HELENA – Only one-third of Republican U.S. Senate candidate Steve Daines’ $5 million in campaign money has come from Montanans – yet that percentage is more than usual for a key Senate race, political observers say.
In competitive U.S. Senate races in small-population states, in-state donors often provide no more than one-fifth of the total, as big-money donors from across the country get involved to try to influence the political makeup of the Senate.
The Montana seat is seen as a potential pickup for Republicans in their quest to gain control of the U.S. Senate this year, and Daines has attracted donors from 47 states and $1.3 million from political-action committees, most of which represent business sectors or conservative causes.
Yet Daines has been a clear favorite in the race for months, perhaps leading to lower-than-usual interest from out-of-state money, says David Parker, a political scientist at Montana State University.
“The more competitive the race, the more out-of-state contributions there are,” he says, adding that Daines is on the “low end” for his percentage of out-of-state money.
A Lee Newspapers State Bureau analysis shows that about $1.6 million of Daines’ $5 million in campaign receipts, through June 30, have come from individual Montanans, or 32 percent.
Out-of-state individuals contributed about $2.1 million, or 42 percent, and the bulk of the remainder, $1.3 million, came from political-action committees, whose offices are almost always in another state.
Daines, 52, had been leading the contest in most polls when U.S. Sen. John Walsh, D-Mont., pulled out of the race two weeks ago in the wake of revelations that he plagiarized his master’s degree final paper at the U.S. Army War College in 2007.
State Rep. Amanda Curtis, a high school math teacher from Butte, was nominated by Democratic State Central Committee delegates last Saturday to take Walsh’s place on the Nov. 4 ballot.
Curtis held her first fundraiser Tuesday in Bozeman and begins the race with almost no money and scant name recognition.
Daines, meanwhile, entered the month of July with $1.7 million in his campaign account. He also already has spent $3.3 million campaigning in the past year or so, including at least $1.8 million on video production, media buys and Internet ads and at least $320,000 on direct mail and postage.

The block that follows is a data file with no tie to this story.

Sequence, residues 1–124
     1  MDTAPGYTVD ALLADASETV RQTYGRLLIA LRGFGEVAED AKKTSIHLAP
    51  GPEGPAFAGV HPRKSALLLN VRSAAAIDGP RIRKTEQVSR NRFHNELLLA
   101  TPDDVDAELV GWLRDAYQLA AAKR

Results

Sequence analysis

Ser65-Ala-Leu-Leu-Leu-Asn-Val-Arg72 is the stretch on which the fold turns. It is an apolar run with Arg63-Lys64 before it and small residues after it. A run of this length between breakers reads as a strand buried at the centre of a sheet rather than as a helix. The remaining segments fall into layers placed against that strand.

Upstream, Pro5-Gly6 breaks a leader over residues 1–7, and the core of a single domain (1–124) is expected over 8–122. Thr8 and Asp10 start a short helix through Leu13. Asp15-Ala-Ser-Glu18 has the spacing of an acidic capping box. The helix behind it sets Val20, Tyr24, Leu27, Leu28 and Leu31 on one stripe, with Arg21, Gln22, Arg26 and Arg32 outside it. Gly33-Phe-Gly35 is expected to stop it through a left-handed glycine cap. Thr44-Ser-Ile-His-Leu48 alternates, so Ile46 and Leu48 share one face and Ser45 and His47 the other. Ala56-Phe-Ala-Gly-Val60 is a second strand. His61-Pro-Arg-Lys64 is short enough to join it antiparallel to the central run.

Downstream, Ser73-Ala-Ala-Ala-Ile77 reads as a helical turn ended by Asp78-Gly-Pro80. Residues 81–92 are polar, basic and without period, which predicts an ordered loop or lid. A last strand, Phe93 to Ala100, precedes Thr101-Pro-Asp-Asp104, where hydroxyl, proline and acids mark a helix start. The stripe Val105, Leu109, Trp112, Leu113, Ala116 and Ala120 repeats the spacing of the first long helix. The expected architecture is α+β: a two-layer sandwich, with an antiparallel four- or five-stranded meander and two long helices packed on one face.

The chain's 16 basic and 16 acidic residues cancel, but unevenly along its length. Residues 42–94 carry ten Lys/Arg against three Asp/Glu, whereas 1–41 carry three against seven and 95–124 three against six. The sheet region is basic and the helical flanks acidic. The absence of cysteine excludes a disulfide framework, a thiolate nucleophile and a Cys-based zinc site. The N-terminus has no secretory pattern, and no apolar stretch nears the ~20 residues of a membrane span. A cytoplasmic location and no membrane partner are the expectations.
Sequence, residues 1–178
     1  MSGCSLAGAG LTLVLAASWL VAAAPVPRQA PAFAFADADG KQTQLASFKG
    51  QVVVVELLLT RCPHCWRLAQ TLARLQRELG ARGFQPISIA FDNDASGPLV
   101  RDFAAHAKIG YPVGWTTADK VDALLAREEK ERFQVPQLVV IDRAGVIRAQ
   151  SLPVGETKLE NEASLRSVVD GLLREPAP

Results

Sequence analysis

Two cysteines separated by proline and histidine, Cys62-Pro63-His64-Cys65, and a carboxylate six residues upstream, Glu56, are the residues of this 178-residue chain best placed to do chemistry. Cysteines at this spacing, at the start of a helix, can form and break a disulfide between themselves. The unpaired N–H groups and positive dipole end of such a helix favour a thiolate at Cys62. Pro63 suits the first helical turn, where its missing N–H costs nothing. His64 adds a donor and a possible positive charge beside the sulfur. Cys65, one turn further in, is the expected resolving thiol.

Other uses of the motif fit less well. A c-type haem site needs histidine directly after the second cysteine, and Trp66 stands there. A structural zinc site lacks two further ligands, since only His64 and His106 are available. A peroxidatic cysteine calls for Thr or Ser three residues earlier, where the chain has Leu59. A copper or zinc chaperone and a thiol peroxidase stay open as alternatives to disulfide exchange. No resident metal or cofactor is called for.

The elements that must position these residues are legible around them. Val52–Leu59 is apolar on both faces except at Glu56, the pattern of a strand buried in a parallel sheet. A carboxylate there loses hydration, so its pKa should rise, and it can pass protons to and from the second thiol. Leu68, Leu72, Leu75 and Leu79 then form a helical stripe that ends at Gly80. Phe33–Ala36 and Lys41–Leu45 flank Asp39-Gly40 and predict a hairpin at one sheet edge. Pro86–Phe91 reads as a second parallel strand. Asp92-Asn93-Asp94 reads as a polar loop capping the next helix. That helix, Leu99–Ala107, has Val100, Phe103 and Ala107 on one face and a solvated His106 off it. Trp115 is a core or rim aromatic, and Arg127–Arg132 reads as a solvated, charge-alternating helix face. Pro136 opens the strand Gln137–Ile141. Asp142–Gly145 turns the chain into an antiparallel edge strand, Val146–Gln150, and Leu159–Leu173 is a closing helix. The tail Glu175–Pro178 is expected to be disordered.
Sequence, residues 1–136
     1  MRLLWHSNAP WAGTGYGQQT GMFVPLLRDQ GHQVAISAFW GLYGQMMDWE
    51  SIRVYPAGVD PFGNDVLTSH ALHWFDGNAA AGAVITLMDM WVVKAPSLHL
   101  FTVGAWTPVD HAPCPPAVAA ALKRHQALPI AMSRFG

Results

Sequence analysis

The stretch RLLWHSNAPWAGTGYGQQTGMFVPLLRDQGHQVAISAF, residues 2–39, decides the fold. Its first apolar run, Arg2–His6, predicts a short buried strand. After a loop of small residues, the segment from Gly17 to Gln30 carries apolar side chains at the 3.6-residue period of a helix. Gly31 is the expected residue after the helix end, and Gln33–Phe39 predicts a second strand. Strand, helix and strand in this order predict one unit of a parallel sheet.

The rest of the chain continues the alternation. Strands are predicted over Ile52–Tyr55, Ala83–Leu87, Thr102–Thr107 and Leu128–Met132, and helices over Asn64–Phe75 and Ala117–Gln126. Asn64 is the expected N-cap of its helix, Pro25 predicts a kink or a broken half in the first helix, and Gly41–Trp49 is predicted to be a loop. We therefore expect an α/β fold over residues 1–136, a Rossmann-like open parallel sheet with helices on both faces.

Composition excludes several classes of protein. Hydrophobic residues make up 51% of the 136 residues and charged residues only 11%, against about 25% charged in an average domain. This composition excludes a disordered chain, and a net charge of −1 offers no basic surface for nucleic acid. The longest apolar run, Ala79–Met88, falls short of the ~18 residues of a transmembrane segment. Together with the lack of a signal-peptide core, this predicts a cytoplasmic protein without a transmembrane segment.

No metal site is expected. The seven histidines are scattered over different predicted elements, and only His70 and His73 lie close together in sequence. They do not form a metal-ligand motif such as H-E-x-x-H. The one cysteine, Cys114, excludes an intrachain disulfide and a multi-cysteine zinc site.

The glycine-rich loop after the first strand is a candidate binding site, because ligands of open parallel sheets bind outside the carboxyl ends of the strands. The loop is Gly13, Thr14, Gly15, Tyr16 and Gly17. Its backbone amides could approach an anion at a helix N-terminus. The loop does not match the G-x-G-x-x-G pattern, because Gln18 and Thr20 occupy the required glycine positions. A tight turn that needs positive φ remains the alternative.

Of the $3.1 million Daines received in “itemized” donations for individuals, about $1.3 million, or 42 percent, came from more than 2,200 Montanans. Itemized donations are those of $200 or more.
Contributions from Montana-based PACs and Montanans who gave smaller, “non-itemized” contributions increased Daines’ in-state take to about $1.6 million, or 32 percent of his total receipts. The Daines campaign says he has had nearly 10,000 individual contributors overall.
Daines’ largest out-of-state totals from individuals came from New York, New Jersey and Connecticut ($302,000, or 10 percent of the itemized donations), California ($214,000 or 7 percent) and Texas ($191,500 or 6.5 percent).
The largest business and political donor “sectors” to Daines, according to the Center for Responsive Politics, have been the finance/real estate/insurance sector, energy and natural resources, and conservative ideological and single-issue groups. The center is a nonpartisan group that tracks and analyzes campaign donations.
Parker says in Montana’s hard-fought 2012 U.S. Senate battle between Republican U.S. Rep. Denny Rehberg and U.S. Sen. Jon Tester, each man raised only about 20 of their money from inside the state.
Daines also has benefited from several joint fundraising committees, to the tune of $645,000.
He’s taken in about $222,000 from his own joint fundraising committee, the Daines Montana Victory Committee, which raises money for his campaign and the state Republican Party.
Daines has received another $425,000 from four other joint committees, including Friends for an American Majority, a fund led by New York billionaire and hedge-fund manager Paul Singer. The group has raised $319,000 to Daines’ campaign, including more than $100,000 from employees of Elliott Management Corp., which manages Singer’s hedge fund.
Parker says a recent U.S. Supreme Court decision relaxing limits on campaign giving has allowed the political parties to set up joint fundraising committees that can raise money from across the country for multiple candidates.
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- Ok good here’s some reason to be optimistic.. Ideally at least, Daines might represent Montanans 1/3 of the time. Daines has many new and influential friends a Senate candidate. They come off the shelves to shake his hand.
So I don’t think Daines would represent Montanans 1/3 of the time. I think Daines would lean toward the “2/3 majority” interpretation of money influence. i.e. 2/3 majority influence on every single vote Daines casts.
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